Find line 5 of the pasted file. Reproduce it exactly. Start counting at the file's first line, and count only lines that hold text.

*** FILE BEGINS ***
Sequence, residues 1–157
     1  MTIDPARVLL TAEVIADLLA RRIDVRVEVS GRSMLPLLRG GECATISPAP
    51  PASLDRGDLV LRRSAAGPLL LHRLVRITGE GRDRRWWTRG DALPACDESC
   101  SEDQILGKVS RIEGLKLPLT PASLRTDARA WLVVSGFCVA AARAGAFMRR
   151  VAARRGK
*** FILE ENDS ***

   151  VAARRGK